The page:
@Retention(RetentionPolicy.RUNTIME)
@interface Secured { 
  String requiredUser();
}

When using this miniature framework, a user can annotate methods with @Secured in order to expect them to only be invokable on condition that the specified user is logged on. But how do we enforce this rule? It is quite trivial to implement a check for a given user by reading the requirement from a method’s annotation and comparing it to some application state that represents the currently logged-in user. And using reflection, it is equally easy to call the corresponding method in case that the right user is indeed logged in. But how do we make this logic accessible to user code outside the framework? Well, we could of course just wrap the invocation inside a framework object that allows the represented method’s invocation by passing an array with the wrapped method’s parameters:

interface SecuredMethod {
  Object invoke(Object… args);
}

POJOpocalypse

This was easy, so we are done here. Or are we? While this approach most certainly works, we ended up with an API that only a mother can love.

First of all, when using this library implementation, a user needs to explicitly add a security check to any method call. As a consequence, the security library bloats deep into the user code and any accidental direct method invocation would undermine its annotated security requirement. This is nothing you would joyfully deploy into your production system. But even worse, choosing this implementation we just spoiled Java’s much-praised type safety. Because of the method’s general signature, we can now call the above SecuredMethod using any arguments without the Java compiler warning us. Instead, we need to later dig through stack traces investigating these nasty runtime exceptions.

So what else is there? Well, since you are reading an article about code generation, you can guess that the dynamic creation of a Java class might offer a way out. While the JVM does not permit any monkey-patching for enhancing a method’s implementation, you can approximate such a language feature by overriding a method in a subclass. Thanks to Java’s dynamic method dispatch, this allows you to inject any framework functionality into user code by creating a subclass at runtime. And conveniently, you can invoke the user’s method by simply calling its super implementation.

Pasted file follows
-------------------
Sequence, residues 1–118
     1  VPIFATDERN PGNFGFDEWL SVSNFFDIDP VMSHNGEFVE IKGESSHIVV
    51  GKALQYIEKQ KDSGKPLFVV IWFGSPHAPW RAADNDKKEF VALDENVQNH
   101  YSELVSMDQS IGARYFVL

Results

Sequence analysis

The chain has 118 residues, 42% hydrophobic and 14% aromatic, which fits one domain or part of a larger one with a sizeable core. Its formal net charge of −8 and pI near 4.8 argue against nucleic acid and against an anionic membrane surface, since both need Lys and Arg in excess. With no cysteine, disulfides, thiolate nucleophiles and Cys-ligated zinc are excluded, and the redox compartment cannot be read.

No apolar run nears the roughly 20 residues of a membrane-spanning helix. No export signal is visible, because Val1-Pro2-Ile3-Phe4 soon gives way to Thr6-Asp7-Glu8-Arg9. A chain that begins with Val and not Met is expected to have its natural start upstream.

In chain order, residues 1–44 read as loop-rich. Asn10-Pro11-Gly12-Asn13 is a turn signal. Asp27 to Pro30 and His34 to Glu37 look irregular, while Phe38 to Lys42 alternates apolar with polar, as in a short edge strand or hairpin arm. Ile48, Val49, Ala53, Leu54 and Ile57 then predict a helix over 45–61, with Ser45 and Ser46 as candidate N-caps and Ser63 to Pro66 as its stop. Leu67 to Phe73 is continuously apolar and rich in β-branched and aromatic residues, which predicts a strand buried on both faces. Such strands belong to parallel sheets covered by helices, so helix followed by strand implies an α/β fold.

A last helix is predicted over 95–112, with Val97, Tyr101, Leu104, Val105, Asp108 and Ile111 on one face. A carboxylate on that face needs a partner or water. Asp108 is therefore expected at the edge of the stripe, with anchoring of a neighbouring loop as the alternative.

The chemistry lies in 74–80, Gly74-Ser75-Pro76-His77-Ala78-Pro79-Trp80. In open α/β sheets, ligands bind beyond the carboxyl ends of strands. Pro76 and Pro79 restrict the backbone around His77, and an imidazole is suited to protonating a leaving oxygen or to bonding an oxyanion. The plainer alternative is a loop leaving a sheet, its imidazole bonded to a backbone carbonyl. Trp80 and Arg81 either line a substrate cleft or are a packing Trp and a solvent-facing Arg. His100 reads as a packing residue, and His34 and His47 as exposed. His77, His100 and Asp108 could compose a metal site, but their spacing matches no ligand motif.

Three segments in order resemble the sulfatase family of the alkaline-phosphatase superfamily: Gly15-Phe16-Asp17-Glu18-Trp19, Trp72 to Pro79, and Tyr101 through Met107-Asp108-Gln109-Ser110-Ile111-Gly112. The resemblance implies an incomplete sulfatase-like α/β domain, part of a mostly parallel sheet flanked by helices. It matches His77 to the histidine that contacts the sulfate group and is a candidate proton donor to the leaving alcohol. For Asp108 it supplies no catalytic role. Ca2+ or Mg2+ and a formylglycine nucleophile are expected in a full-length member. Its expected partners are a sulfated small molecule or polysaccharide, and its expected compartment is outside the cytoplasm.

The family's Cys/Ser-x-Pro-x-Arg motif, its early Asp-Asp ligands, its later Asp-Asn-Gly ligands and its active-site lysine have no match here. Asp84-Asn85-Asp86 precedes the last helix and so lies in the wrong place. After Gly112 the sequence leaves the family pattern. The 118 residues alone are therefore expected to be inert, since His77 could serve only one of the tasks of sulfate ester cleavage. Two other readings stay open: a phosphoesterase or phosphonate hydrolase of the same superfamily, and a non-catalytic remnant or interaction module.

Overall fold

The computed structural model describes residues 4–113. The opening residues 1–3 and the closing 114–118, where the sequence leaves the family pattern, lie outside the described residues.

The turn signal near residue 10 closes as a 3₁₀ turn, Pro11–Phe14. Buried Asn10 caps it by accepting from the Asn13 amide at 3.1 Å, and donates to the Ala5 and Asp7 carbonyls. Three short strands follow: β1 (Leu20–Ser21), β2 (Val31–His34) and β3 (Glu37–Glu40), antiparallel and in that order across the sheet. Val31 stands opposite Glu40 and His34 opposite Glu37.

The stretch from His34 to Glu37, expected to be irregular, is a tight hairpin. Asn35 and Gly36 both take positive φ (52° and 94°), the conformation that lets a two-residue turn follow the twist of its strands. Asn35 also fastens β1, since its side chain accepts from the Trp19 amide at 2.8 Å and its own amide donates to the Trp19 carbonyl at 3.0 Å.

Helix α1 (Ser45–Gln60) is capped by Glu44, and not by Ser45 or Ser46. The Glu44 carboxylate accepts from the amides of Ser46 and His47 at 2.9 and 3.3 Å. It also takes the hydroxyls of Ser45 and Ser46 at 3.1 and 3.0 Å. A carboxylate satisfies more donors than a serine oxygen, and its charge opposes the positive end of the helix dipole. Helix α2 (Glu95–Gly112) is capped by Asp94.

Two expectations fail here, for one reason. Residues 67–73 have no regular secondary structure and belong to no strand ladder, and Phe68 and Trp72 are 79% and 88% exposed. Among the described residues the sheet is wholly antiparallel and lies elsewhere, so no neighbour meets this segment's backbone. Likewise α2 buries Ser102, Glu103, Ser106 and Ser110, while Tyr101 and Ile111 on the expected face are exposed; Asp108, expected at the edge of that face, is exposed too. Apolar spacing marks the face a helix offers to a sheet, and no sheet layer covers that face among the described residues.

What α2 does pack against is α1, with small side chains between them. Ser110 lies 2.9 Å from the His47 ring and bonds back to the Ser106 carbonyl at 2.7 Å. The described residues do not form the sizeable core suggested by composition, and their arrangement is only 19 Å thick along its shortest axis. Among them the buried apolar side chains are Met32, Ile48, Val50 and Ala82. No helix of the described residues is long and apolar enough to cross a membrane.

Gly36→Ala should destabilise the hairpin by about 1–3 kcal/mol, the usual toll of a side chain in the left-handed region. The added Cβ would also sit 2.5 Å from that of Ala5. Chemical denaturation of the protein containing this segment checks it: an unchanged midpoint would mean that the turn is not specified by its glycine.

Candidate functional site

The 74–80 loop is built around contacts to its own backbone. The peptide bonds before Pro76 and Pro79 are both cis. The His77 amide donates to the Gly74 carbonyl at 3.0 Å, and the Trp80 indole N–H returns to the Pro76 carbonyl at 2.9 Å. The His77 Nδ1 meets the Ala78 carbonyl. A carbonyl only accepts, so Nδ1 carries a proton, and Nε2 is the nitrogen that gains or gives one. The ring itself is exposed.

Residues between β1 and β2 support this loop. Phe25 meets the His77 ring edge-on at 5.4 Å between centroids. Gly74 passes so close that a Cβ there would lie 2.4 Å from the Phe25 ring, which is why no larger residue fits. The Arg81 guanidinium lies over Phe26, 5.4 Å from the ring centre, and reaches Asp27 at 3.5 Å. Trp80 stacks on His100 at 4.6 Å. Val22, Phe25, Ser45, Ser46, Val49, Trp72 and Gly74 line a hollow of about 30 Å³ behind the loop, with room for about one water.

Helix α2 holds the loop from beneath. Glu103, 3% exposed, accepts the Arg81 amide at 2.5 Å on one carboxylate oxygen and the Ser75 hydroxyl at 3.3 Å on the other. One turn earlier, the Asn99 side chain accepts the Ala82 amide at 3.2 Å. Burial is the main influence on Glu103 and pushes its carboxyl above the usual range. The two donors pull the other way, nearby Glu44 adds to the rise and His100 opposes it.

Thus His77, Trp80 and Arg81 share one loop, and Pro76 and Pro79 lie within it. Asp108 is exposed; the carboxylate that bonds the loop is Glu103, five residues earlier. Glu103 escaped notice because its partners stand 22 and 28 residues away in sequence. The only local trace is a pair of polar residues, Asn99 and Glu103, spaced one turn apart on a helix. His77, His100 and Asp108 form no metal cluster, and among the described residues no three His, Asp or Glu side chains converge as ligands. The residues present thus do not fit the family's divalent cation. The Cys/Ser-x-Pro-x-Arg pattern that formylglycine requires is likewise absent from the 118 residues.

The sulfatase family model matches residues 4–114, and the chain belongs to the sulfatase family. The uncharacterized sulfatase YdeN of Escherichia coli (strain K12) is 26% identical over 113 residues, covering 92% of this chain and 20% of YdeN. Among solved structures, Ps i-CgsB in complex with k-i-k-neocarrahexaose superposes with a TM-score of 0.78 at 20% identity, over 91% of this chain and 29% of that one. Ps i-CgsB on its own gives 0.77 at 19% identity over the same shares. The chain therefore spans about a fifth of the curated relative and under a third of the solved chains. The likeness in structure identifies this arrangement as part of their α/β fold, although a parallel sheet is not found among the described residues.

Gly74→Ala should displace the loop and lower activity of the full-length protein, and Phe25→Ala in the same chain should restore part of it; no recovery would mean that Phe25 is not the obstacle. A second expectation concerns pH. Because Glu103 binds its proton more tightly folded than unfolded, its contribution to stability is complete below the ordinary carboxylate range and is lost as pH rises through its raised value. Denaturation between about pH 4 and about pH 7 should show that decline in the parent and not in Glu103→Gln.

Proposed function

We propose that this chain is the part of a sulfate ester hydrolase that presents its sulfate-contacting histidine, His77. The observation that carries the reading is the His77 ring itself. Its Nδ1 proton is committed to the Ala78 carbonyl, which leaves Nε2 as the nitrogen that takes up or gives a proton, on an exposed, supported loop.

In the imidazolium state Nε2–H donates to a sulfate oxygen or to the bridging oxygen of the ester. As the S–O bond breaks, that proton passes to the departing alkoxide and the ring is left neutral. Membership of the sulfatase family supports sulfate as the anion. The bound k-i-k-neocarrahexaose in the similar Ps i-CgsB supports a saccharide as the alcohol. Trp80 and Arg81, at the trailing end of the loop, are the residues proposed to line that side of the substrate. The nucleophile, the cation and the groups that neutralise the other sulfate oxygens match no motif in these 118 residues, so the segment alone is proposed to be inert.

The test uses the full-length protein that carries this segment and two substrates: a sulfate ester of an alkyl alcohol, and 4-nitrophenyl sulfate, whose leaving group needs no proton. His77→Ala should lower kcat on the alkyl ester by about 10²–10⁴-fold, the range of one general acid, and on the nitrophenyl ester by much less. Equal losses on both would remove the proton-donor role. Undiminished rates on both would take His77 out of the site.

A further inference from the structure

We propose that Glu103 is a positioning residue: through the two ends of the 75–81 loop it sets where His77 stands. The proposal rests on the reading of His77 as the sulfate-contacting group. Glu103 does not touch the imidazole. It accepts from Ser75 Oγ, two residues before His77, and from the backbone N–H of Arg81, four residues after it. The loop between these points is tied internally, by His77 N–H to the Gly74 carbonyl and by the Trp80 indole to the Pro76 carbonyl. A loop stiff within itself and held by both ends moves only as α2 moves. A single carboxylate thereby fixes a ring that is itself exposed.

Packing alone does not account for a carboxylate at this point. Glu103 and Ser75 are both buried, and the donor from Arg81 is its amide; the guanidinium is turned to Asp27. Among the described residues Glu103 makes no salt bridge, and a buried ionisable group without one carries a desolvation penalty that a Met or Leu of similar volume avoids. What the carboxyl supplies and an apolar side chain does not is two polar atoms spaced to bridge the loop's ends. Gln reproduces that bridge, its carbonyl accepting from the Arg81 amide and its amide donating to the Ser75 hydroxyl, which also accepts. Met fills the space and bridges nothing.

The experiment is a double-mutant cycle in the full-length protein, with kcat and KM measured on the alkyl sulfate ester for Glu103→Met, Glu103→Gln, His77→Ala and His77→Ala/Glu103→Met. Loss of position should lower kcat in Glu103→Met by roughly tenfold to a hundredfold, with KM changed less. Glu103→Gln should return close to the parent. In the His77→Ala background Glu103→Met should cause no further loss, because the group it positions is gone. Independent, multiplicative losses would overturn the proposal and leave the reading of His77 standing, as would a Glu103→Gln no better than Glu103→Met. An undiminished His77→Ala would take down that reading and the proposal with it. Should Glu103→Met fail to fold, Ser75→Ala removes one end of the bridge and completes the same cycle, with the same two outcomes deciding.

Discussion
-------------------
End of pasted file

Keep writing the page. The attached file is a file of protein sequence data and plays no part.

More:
With this approach, we can implement the discussed security library by creating an on-demand subclass for any given type. Doing so, we can inject the security check into the user code and only invoke the actual method after we are sure that this is currently legal. This way, we can ship a security library with a single-interface API:

interface SecurityLibrary {
  <T> Class<? extends T> secure(Class<T> instance);
}

Using code generation, we can simply subclass a UserType by some SecuredUserType where methods are overridden and implement a security check. In case that this security check succeeds, the method call is delegated to the super class which contains the actual logic.

We finally arrived at a basic version of a POJO framework! A security library cannot get much more transparent than this. The greatest advantage of the code generation approach is that it fully retains all user types. Think about how much easier this API can make your life.

By not depending on framework types, you can for example write unit tests without mocking out framework code. And if your requirements change, switching out the security library is as easy as replacing annotations on the secured methods. If you have a look around, you notice that many of your applications’ frameworks go down this road.

After all this discussion about types, we surely need some time to process. I know I do.

However, next week, we will continue looking at the Java code generation at runtime and get our hands dirty and generate us some code by looking into different frameworks for this purpose. Stay tuned!

Update! The second part of the series: How my new friend Byte Buddy enables annotation-driven Java runtime code generation is published.


If you want to know more about Java Bytecode, Mastering Java Bytecode at the Core of the JVM report by JRebel product lead Anton Arhipov is a great resource to get started!